August 11, 2016 report
Cavitands enhance selectivity and hydrolysis rate of one ester on a long-chain diester
A challenge for chemists is trying to selectivity react one of two identical functional groups on the same molecule. For example, a diester with a long carbon chain in between the two ester groups has two chemically equivalent sites. Hydrolysis of this diester results in a mixture of products where one or both of the esters are converted to carboxylic acids. This results in lower overall yields.
New research by Qixun Shi, Matthew P. Mower, Donna G. Blackmond, and Julius Rebek, Jr. of Fudan University and Scripps Research Institute describe the use of cavitands as a way to overcome the monofunctionalization problem. They found that cavitands force a long-chain α,ω-dimethyl ester to fold onto itself changing the molecule's behavior compared to bulk solution. The cavitand results in greater selectivity and reaction rates for both the acid and base hydrolysis of diesters. Their work appears in the Proceedings of the National Academy of Sciences.
While there are ways to functionalize one of two identical functional groups on a molecule, these methods rely on there being some difference between the two functional groups. But, in the case of multi-carbon diesters, these procedures do not work because the functional groups are so far apart from each other that they essentially behave as two reactants (i.e., they have equivalent rate constants). One possible solution is to entrap the long-chain reactant within a molecular container causing the reactant to fold in a particular fashion. This is similar to how the body entraps a peptide chain in a chaperone protein during protein synthesis or how enzymes will catalyze an otherwise difficult reaction by causing a guest molecule to fold into a conformation that buries some of the reactive sites.
Cavitands are macrocyclic molecules shaped like a cup. The lip of the cup has functional groups that serve to broaden the rim and prevent dimerization. The chemical composition within the cavity as well as the cavity's shape promotes guest folding into a particular conformation. In the current research, the authors found that the α,ω-dimethyl ester guest folded into a J-shape, with one end outside of the cup while the other end remains within the cup. This allowed for both acid promoted and base-promoted (i.e., saponification) hydrolysis of only one end of the ester.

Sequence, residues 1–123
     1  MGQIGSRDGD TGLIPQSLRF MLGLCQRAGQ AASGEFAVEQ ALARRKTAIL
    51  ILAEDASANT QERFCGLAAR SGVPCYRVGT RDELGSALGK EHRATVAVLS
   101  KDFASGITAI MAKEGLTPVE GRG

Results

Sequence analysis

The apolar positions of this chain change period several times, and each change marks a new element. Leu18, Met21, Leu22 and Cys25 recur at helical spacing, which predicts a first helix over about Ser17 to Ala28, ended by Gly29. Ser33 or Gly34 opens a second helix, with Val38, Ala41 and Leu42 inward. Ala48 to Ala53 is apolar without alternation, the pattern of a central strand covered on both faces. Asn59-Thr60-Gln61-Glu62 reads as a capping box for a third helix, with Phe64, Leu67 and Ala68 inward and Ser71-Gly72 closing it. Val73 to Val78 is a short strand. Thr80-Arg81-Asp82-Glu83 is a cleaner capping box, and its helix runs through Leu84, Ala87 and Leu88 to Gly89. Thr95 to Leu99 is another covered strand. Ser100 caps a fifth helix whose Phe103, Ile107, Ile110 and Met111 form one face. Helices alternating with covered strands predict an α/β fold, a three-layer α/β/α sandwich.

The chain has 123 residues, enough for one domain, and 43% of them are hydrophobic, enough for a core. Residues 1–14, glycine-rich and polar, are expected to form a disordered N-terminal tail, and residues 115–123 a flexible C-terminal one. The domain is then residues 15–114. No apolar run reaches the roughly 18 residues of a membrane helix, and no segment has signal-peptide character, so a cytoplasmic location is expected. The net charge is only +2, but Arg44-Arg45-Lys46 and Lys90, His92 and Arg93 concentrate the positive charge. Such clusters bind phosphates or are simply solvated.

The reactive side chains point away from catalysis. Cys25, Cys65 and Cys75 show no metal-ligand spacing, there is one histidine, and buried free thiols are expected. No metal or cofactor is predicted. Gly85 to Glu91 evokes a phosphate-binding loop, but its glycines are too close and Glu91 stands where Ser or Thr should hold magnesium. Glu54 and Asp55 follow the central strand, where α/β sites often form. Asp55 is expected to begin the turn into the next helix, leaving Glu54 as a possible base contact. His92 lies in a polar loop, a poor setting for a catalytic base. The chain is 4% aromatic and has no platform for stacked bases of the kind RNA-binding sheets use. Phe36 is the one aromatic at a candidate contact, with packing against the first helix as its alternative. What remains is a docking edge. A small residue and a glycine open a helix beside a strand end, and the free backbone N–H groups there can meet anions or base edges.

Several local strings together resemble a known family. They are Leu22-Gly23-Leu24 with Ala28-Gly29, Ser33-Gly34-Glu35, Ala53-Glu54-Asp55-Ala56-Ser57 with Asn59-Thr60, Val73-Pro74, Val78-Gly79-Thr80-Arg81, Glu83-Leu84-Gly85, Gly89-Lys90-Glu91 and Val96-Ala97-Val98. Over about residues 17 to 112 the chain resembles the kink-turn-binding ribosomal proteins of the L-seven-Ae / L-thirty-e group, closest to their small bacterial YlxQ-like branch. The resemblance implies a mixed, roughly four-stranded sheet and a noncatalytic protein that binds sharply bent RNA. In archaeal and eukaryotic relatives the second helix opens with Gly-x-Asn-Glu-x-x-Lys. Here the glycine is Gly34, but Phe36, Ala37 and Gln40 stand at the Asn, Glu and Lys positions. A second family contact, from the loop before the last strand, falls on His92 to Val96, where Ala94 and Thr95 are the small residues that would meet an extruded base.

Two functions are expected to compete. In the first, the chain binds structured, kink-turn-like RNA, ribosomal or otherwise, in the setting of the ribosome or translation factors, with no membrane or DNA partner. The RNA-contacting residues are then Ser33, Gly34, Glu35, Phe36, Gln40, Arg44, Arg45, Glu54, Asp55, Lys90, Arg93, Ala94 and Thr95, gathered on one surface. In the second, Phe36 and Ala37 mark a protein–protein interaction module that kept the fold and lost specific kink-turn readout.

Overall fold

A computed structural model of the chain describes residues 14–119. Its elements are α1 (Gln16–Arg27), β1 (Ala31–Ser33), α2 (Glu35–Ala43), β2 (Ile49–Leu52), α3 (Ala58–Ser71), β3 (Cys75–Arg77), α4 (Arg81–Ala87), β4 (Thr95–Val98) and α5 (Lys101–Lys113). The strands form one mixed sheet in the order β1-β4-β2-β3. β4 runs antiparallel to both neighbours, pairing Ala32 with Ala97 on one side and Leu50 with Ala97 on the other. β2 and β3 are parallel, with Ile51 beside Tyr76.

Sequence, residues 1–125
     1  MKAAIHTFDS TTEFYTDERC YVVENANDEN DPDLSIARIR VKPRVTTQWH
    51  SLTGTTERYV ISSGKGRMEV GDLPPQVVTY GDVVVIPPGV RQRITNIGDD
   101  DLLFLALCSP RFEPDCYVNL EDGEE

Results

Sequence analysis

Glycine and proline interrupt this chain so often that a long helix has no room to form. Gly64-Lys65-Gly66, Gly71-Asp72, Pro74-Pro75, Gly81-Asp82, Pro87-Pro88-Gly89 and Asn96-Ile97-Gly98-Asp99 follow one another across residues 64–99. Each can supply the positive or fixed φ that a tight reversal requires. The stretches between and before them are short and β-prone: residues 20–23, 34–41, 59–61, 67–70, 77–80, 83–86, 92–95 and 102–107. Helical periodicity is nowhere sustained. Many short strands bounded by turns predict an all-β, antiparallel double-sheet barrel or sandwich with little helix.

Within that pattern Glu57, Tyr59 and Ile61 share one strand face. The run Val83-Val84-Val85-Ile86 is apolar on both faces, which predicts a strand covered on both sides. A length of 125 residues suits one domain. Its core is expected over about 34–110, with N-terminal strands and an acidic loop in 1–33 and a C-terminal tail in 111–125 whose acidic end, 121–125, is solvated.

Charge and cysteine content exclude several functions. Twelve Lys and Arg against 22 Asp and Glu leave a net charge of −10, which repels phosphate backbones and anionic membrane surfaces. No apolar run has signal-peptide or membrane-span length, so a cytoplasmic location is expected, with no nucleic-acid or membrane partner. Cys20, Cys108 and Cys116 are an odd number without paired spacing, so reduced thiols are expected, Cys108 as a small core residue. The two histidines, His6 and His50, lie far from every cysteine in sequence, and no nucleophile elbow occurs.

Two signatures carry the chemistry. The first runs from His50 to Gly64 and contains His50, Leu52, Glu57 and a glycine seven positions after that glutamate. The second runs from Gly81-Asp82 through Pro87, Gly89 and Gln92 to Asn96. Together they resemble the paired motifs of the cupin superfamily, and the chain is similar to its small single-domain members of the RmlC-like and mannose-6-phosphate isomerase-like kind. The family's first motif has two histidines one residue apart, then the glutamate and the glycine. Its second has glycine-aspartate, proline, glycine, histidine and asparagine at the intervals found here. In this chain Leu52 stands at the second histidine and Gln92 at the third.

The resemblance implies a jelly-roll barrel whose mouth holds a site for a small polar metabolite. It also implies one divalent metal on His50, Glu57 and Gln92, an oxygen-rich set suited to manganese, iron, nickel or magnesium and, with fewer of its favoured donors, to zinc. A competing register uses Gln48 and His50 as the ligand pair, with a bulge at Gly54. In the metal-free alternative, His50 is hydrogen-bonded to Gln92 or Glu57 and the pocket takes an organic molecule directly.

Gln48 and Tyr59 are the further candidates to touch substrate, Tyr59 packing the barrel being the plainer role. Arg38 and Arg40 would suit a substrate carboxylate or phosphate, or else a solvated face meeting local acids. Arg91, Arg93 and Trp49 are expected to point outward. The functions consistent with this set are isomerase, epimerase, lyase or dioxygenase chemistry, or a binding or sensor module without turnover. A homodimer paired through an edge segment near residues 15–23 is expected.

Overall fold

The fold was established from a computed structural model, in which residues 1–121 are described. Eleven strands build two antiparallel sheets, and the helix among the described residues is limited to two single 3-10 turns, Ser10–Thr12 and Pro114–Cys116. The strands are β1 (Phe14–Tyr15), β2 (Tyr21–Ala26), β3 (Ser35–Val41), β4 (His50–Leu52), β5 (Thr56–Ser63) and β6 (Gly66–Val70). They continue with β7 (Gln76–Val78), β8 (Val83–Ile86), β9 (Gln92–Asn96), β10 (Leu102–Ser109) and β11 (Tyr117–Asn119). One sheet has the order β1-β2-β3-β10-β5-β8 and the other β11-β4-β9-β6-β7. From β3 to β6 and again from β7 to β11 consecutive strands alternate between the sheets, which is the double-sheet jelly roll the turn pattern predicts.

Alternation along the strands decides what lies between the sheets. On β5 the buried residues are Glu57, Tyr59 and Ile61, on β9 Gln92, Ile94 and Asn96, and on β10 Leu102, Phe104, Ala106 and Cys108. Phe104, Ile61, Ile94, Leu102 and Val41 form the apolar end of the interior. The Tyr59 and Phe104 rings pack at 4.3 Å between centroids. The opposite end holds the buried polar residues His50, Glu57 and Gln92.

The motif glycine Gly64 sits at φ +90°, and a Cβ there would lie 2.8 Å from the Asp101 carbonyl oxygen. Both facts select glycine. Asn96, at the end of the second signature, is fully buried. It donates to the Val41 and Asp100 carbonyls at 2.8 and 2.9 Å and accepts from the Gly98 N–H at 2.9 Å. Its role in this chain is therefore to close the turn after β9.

Using NMR to follow the reaction process, Shi, et al. first tested acid hydrolysis using DCl added to D2O in a solution containing diester and the cavitand. One end of the ester is deep within the cavitand while the other is accessible for hydrolysis. Once one end is hydrolyzed the other ester is rendered less reactive; however, because the J-shape conformation is dynamic, some of the other end of the diester does hydrolyze. The yield for the monoester product is still significantly greater than in bulk solution based on rate data.
Kinetic studies using NMR peak integration of the acid hydrolysis reaction indicate that the ester portion of the molecule remains suppressed within the cavitand three-fourths of the time. The reaction rate is more than a factor of ten greater than the comparable reaction in bulk solution. The authors suggest that this may be due to better solvation of the exposed ester. With the organic molecule-cavitand complex, the reaction can be carried out in water. Without the cavitand, the acid hydrolysis reaction requires the addition of an organic co-solvent.
The saponification reaction demonstrated even better selectivity and enhanced reaction rates compared to the acid hydrolysis reaction. The major product was monester with <5% of the product as diester or diacid. NMR analysis showed this exceptional selectivity has to do with phase transfer. In both the acid hydrolysis and saponification reactions, the cavitand allows the organic diester to react in an aqueous solvent. However, the difference between the two is that in the saponification reaction a monoanion is formed (RCOO-). The monoanion/cavitand complex then precipitates out of solution resulting in greater yields.
From this research, the authors have demonstrated that confined molecules behave differently than in bulk solution and this can be exploited for synthetic conundrums such as monofunctionalization of seemingly equivalent functional groups. The conformation of the guest molecule is guided predominantly by the shape of the cavitand, although chemical properties, such as hydrophobicity, do play a role. While the cavitand is difficult to modify, Dr. Julius Rebek points out that the cavitand used in this study is useful for other monofunctionalization reactions.
© 2016 Phys.org